Silverton’s Mayflower Mill, now a museum, processed all the gold ore from Silverton’s mines. BILL JONES

sits above 9,000 feet and is surrounded by mountains. It is delightful there in summer but tough in winter as snow accumulation can exceed fifteen feet.

The chief operating mine here was the American Tunnel at Gladstone near Silverton. One purpose for the Tunnel was to reach the old Sunnyside mine ore veins. When the Sunnyside mine ceased operations suddenly one day, Bill moved his assay lab but had already developed the Old Hundred Mine tour just outside Silverton. The Sunnyside mine, particularly during the digging of the American Tunnel, became very well known among rockhounds. To reach the Sunnyside and reopen it, miners had dug the American Tunnel through the Gold King mine properties. The Tunnel cut across a series of quartz veins that were rich in fine specimens of minerals. Most notable were countless rhodochrosite crystals and crystal groups on snow-white quartz. Much of the quartz is druzy, which offset the pink to red rhodochrosite crystals beautifully.

Sights and Specimens In The San Juan Mountains

The dominant color of the rhodochrosite here is pale to intense pink. The crystals formed rhombs ranging in size from less than an inch to nearly two inches on edge. Many crystals were twinned, and lovely flower-like rosettes of the pink mineral were typical. Specimens included free-standing single crystals and clusters stacked and completely covering a matrix. It is impossible to estimate the considerable quantity of examples that were brought to grass by miners.

The American Tunnel rhodochrosite did not occur with any amount of gold. This fact was brought to my attention when a Scottsdale collector called and said he had just returned from Silverton with a beautiful specimen of rhodochrosite and gold from the American Tunnel. When I checked the specimen, I smelled a rat because the gold did not seem intimately attached to the quartz. None of the gold appeared to penetrate the quartz. So, Chuck Lewis of Arizona State University tested the gold, and it proved to be lovely yellow brass. Luckily the Scottsdale fellow returned to Silverton and was able to get his money back.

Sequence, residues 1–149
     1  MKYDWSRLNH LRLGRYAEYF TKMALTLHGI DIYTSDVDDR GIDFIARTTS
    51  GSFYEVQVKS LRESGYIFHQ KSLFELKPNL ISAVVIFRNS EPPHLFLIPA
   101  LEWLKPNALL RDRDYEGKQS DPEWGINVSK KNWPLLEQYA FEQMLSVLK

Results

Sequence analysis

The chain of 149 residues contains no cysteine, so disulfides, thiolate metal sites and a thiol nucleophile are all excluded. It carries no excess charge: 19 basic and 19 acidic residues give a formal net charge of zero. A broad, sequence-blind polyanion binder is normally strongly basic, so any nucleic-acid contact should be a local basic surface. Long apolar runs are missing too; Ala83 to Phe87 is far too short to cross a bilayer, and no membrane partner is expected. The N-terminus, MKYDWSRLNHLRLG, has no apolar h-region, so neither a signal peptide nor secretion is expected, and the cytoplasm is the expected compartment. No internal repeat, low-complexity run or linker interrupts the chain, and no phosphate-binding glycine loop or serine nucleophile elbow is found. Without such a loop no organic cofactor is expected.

Specimen boasting crystals of rhodochrosite, quartz, and calcite, from the Sunnyside

While in Silverton, you might inquire at local shops about places to collect. Someone claims almost all land in the area, so collecting is varied. High on the mountain slopes as you drive up and park, you can walk the hills and find loose quartz crystals in places. Also, dumps are always worth checking. One area well worth a visit is the old gold camp, Eureka, located north of Silverton. It serviced the Sunnyside mine when it existed, and also the American Tunnel operation.

Along the roadsides of Silverton, you might find huge boulders rich in a pink mineral initially reported to be rhodonite. The gray to pink rock is tough but can be cut and polished nicely. Just keep in mind that while it may look like rhodonite, it is not. The gray to pink rock is the mineral pyroxmangnite.

As low-key as the community of Silverton is, on one particular day, June 4, 1978, it was anything but low key. My son Bill certainly remembers it because, at the time, he was handling the assay work on Standard Metals Sunnyside ore. That’s the day Mother Nature decided to close the mine, not with an earthquake but a flood. Mind you; the flood did not merely sweep through the tunnel, it tore through. Let me set the stage of what the scene was like as the flood of ‘78 moved through.

The Day Lake Emma Dropped